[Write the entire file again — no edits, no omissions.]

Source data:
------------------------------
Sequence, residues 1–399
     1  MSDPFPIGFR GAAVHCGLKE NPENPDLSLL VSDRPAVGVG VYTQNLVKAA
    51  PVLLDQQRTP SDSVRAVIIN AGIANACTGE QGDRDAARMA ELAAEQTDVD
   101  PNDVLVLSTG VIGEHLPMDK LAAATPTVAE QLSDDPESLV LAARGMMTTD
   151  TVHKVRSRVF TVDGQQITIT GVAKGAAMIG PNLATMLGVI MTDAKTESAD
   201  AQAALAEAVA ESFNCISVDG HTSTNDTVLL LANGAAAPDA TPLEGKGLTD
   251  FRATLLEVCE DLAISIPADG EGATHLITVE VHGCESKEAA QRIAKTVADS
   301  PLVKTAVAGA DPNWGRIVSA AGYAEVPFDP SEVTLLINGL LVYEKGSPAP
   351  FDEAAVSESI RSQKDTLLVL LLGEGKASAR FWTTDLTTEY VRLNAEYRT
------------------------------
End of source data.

Sequence, residues 1–399
     1  MSDPFPIGFR GAAVHCGLKE NPENPDLSLL VSDRPAVGVG VYTQNLVKAA
    51  PVLLDQQRTP SDSVRAVIIN AGIANACTGE QGDRDAARMA ELAAEQTDVD
   101  PNDVLVLSTG VIGEHLPMDK LAAATPTVAE QLSDDPESLV LAARGMMTTD
   151  TVHKVRSRVF TVDGQQITIT GVAKGAAMIG PNLATMLGVI MTDAKTESAD
   201  AQAALAEAVA ESFNCISVDG HTSTNDTVLL LANGAAAPDA TPLEGKGLTD
   251  FRATLLEVCE DLAISIPADG EGATHLITVE VHGCESKEAA QRIAKTVADS
   301  PLVKTAVAGA DPNWGRIVSA AGYAEVPFDP SEVTLLINGL LVYEKGSPAP
   351  FDEAAVSESI RSQKDTLLVL LLGEGKASAR FWTTDLTTEY VRLNAEYRT